8 things you can do NOW for this domestic violence survivor in jail for shooting a wall to scare off her abuser

maIf there is any good that can come out of the tragedy of Trayvon Martin’s death and the miscarriage of justice in George Zimmerman’s acquittal, it’s the raised awareness about other injustices.  On Friday, speaking at the National Urban League convention in Philadelphia Martin’s mother, Sybrina Fulton, said: “My message to you is: Please use my story, please use my tragedy, please use my broken heart to say to yourself, we cannot let this happen to anybody else’s child.” Fulton was urging people to organize against racial profiling and gun laws and Stand Your Ground, a law that exists in over 20 states, that gives people the right to use deadly force with no duty to retreat. Most states allow this in the home but Stand Your Ground gives people this “freedom” outside the house. And though Zimmerman didn’t seek to use Stand Your Ground to get his case dismissed (most likely because his legal team feared putting him on the stand where he’d face cross-examination), the principle influenced the case and the jury instruction.

In addition to increased calls to repeal Stand Your Ground, Martin’s case has highlighted other cases of injustice and double standards. A prime example of this is Marissa Alexander, an 32-year-old African-American mother of three, who was sentenced to 20 years in jail for shooting at a wall to scare off her abusive husband. No one was killed. No one was even hurt. Alexander’s husband, whom she had a restraining order, admitted to abusing Marissa, as well as “put[ting] [his] hands” on all his “baby mamas.” Alexander attempted to use the Stand Your Ground law. But unbelievably, a jury took 12 minutes of deliberating to sentence Alexander to 20 years. (This, sadly, isn’t unbelievable, given the racist application of Stand Your Ground.)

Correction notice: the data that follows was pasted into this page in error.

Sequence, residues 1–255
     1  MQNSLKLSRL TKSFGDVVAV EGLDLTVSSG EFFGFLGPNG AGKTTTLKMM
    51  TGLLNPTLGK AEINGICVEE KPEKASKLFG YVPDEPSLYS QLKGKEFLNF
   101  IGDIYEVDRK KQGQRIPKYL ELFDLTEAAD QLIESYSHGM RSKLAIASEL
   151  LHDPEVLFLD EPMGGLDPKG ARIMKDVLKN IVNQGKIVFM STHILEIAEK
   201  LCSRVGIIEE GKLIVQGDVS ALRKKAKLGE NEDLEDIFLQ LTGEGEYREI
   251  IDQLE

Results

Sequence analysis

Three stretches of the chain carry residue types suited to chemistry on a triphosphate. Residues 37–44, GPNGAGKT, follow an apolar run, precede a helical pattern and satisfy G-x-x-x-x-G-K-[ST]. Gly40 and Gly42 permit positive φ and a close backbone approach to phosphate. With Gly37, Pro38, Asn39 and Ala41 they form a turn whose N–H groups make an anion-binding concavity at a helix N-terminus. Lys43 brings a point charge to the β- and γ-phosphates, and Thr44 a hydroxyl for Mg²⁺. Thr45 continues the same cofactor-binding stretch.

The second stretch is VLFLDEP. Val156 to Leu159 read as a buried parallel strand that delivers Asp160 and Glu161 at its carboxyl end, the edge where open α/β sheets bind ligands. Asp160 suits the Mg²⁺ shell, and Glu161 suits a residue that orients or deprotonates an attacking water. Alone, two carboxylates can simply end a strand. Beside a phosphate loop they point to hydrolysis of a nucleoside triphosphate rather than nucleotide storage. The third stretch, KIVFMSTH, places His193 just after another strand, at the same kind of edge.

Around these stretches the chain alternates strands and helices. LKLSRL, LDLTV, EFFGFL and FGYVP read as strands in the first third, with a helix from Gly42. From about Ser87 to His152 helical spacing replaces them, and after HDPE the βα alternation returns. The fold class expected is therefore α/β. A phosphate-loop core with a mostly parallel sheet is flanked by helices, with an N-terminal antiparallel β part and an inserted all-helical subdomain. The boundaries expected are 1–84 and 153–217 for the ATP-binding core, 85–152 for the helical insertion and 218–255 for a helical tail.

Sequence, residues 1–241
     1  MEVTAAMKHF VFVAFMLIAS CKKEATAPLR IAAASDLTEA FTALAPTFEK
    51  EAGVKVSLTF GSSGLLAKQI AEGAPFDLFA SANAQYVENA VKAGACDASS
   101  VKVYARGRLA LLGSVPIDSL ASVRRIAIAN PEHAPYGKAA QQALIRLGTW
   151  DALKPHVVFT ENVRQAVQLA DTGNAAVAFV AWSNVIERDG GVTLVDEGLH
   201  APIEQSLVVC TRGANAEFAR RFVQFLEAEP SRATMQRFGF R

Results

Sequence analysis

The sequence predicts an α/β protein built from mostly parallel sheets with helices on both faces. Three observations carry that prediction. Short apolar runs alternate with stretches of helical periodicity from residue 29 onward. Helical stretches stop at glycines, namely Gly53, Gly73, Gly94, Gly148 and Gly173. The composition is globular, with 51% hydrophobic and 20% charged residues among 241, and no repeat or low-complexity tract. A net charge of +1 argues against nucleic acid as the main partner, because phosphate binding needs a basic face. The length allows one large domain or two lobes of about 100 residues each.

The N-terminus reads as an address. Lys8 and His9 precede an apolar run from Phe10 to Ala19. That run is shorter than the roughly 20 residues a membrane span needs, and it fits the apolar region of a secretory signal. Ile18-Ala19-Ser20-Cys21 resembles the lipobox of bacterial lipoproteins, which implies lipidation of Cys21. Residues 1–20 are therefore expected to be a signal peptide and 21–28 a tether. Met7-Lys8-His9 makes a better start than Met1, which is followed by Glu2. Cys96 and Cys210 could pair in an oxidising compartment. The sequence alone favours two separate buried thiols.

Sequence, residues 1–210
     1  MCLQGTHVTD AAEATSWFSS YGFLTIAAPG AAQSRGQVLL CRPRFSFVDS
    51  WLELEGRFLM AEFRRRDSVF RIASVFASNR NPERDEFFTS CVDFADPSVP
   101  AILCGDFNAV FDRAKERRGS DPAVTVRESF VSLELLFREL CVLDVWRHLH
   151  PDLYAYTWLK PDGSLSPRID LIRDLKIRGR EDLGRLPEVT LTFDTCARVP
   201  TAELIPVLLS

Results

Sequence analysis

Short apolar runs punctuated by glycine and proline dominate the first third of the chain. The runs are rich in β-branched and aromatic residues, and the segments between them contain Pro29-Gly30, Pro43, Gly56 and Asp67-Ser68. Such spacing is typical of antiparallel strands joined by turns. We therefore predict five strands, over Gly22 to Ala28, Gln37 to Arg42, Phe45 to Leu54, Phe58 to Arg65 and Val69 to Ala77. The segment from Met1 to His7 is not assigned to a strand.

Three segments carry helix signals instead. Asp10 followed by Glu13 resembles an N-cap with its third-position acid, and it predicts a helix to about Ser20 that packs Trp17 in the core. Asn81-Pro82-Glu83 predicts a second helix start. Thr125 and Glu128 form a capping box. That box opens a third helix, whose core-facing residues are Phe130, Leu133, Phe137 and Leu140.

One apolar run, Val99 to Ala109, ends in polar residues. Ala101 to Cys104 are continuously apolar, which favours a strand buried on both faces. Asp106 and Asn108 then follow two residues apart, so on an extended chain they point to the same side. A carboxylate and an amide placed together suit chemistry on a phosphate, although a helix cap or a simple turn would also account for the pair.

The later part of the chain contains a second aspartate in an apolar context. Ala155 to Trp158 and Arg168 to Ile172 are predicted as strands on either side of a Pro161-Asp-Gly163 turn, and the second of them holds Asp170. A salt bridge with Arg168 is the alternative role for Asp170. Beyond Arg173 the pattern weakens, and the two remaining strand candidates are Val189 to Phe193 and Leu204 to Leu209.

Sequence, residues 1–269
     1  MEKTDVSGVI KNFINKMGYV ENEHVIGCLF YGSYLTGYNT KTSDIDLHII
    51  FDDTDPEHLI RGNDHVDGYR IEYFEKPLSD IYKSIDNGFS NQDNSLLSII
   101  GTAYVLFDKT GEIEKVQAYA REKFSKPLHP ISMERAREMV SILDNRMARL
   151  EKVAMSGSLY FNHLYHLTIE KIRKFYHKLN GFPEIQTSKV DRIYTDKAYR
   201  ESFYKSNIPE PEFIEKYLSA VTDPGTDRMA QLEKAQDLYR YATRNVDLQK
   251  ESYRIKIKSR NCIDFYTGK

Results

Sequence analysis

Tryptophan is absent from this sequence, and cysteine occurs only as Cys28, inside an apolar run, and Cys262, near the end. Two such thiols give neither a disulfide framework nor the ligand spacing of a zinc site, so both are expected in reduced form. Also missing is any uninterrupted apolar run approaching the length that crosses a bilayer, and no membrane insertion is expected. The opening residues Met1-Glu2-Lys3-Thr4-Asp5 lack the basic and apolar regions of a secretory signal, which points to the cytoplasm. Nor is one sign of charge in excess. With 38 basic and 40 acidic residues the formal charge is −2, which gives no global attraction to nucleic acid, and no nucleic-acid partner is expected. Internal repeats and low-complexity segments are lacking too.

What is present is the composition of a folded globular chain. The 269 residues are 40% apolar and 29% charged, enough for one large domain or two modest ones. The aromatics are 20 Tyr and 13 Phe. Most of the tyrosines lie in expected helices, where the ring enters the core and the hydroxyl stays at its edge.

On Friday, The consistently amazing Amy Goodman did a feature story on her consistently amazing show Democracy Now! on Alexander’s case. Goodman interviewed Aleta Alston-Toure, who organized  the “Walk for Dignity,” which started off in Jacksonville, where Alexander was convicted, and ended at a memorial for Trayvon Martin in Sanford, where Zimmerman killed the unarmed 17-year-old. Alston-Toure is part of the New Jim Crow Movement. As I googled around for information on this organization (which is part of the Southern Freedom Movement/Project South) I came across a tumblr called freemarissanow. And it had some great ways you can take action to demand justice for Alexander.

  1. Donate to Marissa’s legal defense fund at www.justice4marissa.com

  2. Write to Marissa and tell her you support her! Her faith is still strong and she would gladly receive your genuine support. You can send your card or letter to: Marissa Alexander #J46944, Lowell Annex,  11120 NW Gainesville, Rd, Ocala, FL34482.  You are welcome to download and mail this sample note card! More details about sending mail can be found here: http://freemarissanow.tumblr.com/letters